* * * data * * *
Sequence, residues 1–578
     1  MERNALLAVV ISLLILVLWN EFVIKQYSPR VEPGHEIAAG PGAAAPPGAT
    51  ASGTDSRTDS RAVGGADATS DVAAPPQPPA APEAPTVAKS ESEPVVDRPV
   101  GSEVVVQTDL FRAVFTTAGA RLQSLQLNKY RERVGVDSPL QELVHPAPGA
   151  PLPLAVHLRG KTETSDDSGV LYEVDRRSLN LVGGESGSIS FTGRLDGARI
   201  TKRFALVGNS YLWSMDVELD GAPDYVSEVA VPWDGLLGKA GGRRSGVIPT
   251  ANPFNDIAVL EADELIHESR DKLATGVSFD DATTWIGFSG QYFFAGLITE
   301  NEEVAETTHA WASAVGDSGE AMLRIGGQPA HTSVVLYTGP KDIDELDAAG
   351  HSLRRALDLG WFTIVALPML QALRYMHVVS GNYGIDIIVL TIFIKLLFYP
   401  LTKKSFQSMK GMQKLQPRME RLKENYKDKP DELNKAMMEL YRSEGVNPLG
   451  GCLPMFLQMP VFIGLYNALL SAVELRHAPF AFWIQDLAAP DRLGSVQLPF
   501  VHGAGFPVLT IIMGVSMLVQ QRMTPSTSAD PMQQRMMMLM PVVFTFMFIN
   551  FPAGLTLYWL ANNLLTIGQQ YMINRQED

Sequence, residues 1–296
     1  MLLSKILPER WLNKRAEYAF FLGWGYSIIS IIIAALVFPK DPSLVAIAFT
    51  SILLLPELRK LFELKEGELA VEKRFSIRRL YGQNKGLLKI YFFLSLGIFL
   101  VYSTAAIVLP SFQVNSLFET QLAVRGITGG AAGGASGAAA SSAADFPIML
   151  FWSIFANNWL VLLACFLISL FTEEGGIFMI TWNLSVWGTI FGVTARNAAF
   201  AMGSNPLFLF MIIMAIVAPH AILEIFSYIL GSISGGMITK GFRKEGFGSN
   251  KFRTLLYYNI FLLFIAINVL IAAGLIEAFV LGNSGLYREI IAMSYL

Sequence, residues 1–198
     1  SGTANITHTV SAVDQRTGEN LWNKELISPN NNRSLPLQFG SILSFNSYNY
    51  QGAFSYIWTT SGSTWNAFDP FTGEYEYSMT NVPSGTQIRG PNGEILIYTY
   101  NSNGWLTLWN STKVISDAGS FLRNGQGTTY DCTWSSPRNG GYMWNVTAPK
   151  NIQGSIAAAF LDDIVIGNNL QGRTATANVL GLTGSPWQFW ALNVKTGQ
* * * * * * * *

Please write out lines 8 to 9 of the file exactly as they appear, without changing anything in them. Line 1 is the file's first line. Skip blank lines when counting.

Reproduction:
   301  NEEVAETTHA WASAVGDSGE AMLRIGGQPA HTSVVLYTGP KDIDELDAAG
   351  HSLRRALDLG WFTIVALPML QALRYMHVVS GNYGIDIIVL TIFIKLLFYP